Anansi is a lazy spider who does not want to clean his yard and his house like the other animals do. They pester him until he goes to rest elsewhere. Anansi comes across Hyena’s house, which is neat and tidy even though Hyena doesn’t seem to do much work. Anansi hides to discover Hyena’s secret, a magic stick that keeps everything tidy with the use of some magic words. Anansi steals the stick, but his magic soon goes awry, first making a mess of everyone else’s yards and then flooding the whole area. Anansi is finally able to make the magic stick stop, and Hyena takes it back. All the other animals enjoy swimming in their new lake.
Anansi is the archetypal trickster. The other animals are undeveloped characters that only exist to be victimized by Anansi. All the characters are animals, and the only specified gender is male.
The plot is simple and predictable, except that there are never any repercussions for Anansi’s actions. At the end of the book, he is just as content as in the beginning. In a way, that is a satisfying resolution. Anansi’s mischief is never so heinous that the reader wants to see him punished.
The setting could be any rural place where animals are keeping house. The huts alone are reminiscent of foreign places. The animals are African, so most readers would likely assume that the story takes place in Africa. There is a crushed Tropicana juice carton trashing up Anansi’s yard in one scene. It is unclear whether Tropicana distributes internationally, but its presence, along with the lawn chairs, tires, and water wings, does indicate a modern setting.
Good does not necessarily triumph over evil in this tale. At best, good has a new swimming hole and was able to reclaim lost property. Evil, in this retelling, is more mischievous than malicious, and pays no price.
Magic is a major motif in the story. It is Anansi’s unsanctioned use of the magic stick that drives the plot. The magic words provide a nice repetition and rhyme through the story.
The illustrations are colorful and interesting and reveal more about the setting than the text does. The illustrations do not add much to characterization or plot, besides the quirky additions of bathing caps and sunglasses on animals, which is always entertaining. The animals’ facial features are less anthropomorphized in these illustrations than in other animal stories, which might be the reason that the illustrations seem to contribute so little to characterization. There is nothing about the illustration that indicates Liberia as the country of origin for this story.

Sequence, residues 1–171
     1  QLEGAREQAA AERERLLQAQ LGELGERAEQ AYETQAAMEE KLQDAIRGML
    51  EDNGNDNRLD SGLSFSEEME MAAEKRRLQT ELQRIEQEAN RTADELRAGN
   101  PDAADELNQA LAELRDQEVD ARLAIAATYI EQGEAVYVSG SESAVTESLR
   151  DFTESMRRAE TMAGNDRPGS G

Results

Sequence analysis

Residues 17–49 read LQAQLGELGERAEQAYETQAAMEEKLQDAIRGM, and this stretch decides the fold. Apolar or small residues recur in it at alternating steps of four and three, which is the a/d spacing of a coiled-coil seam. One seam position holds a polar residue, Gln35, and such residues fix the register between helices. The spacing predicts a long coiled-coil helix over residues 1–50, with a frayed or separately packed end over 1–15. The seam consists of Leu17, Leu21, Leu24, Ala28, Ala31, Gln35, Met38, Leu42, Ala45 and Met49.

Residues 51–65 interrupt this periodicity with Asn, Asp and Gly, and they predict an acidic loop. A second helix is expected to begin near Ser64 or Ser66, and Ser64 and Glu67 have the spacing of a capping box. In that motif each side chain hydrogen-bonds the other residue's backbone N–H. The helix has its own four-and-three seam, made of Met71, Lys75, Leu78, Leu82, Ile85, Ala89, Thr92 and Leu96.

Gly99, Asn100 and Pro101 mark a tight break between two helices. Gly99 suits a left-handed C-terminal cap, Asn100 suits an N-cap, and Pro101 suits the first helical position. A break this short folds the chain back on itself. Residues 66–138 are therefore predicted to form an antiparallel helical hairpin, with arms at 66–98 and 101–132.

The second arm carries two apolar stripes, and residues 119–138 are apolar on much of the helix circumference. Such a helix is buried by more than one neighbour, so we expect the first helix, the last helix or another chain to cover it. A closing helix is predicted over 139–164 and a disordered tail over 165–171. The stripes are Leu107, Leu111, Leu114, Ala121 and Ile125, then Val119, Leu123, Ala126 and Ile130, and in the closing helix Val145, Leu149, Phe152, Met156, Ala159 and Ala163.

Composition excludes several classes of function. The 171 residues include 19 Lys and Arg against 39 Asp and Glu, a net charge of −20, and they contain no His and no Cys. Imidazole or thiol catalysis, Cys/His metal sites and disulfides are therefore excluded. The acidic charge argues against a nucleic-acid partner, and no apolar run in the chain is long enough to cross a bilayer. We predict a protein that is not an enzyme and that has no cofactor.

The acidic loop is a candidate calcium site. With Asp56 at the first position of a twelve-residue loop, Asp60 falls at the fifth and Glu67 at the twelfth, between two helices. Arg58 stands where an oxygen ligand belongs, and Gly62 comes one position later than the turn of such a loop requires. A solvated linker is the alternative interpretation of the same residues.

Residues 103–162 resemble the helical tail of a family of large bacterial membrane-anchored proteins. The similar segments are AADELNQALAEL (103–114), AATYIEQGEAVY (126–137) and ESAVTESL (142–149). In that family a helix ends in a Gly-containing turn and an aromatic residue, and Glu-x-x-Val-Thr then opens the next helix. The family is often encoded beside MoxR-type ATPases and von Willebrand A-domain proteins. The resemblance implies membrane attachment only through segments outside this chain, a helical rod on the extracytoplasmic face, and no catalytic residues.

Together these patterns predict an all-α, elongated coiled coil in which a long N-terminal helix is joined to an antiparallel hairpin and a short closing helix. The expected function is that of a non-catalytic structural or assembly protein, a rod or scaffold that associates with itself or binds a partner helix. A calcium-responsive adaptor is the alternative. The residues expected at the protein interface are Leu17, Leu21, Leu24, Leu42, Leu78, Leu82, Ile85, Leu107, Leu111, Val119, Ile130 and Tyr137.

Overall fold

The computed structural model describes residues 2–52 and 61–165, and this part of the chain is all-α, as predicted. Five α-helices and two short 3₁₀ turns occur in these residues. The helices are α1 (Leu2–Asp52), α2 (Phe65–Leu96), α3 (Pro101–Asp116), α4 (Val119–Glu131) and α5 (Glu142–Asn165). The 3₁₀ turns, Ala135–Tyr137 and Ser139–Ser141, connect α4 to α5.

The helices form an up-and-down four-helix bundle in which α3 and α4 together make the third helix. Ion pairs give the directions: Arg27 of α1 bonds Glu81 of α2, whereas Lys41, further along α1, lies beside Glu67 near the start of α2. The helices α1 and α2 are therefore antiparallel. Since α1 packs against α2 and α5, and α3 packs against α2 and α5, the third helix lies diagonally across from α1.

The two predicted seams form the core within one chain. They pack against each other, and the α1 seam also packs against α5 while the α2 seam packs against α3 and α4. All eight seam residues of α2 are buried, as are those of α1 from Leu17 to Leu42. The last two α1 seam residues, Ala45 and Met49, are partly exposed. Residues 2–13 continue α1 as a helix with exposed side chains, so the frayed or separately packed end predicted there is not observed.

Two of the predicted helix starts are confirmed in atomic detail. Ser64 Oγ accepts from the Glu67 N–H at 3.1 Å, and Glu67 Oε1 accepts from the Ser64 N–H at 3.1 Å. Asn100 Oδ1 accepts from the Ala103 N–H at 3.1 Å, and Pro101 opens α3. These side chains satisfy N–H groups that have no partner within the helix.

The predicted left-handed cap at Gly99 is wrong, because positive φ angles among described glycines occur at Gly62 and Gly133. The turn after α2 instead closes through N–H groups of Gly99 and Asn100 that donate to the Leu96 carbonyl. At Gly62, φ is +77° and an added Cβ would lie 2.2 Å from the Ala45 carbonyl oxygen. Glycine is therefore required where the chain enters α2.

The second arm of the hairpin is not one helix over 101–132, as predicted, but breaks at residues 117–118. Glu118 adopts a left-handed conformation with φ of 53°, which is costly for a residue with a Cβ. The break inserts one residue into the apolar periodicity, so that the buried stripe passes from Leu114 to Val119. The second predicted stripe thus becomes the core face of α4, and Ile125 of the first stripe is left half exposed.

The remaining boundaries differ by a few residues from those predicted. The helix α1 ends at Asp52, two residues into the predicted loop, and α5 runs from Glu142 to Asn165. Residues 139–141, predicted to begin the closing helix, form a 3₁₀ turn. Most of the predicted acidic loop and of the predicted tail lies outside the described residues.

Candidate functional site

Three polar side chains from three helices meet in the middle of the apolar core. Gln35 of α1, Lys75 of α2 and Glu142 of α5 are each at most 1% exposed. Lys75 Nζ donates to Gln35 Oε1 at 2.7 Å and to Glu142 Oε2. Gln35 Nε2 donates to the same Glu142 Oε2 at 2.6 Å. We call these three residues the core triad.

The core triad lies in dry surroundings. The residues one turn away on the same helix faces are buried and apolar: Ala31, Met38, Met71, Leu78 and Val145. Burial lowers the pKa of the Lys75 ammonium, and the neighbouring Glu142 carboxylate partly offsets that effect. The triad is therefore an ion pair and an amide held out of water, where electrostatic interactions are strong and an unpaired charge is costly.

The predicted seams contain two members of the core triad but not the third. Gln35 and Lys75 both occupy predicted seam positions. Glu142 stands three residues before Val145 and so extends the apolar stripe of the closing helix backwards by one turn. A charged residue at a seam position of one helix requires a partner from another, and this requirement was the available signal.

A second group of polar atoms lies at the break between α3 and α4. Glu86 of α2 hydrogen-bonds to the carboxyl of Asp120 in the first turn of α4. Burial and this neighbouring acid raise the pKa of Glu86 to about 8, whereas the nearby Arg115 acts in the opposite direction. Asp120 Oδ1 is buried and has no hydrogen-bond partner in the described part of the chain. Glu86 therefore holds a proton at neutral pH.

Janet Stevens’s “comic creatures with their surprised expressions add kid appeal” (Publishers Weekly 2001).
The slapstick humor that is created when the trickster becomes a victim of his own trick “is a lot of fun, and preschoolers will want to join in the rhythmic chant” (Rochman 2001).
AAAARRGGHH! SPIDER! by Lydia Monk
BYE-BYE BIG BAD BULLYBUG by Ed Emberley
THE VERY BUSY SPIDER by Eric Carle
PIG-BOY by Gerald McDermott
(Other ANANSI books retold by Eric A. Kimmel)
Make a simple spider web! (Don’t teach the spider any magic words!)
Dotson, Chazley. “Craft Ideas for Children’s Librarians.” Accessed September 1, 2015. http://padlet.com/chazley_dotson/fjsx02duziuf
Kimmel, Eric A., and Janet Stevens. 2001. ANANSI AND THE MAGIC STICK. New York: Holiday House. ISBN 978-0823417636
Publishers Weekly. 2001. http://www.publishersweekly.com/978-0-8234-1443-7
Rochman, Hazel. 2001. Booklist as qtd. on Amazon. http://www.amazon.com/gp/product/0823417638?ie=UTF8&isInIframe=0&n=283155&ref_=dp_proddesc_0&s=books&showDetailProductDesc=1#product-description_feature_div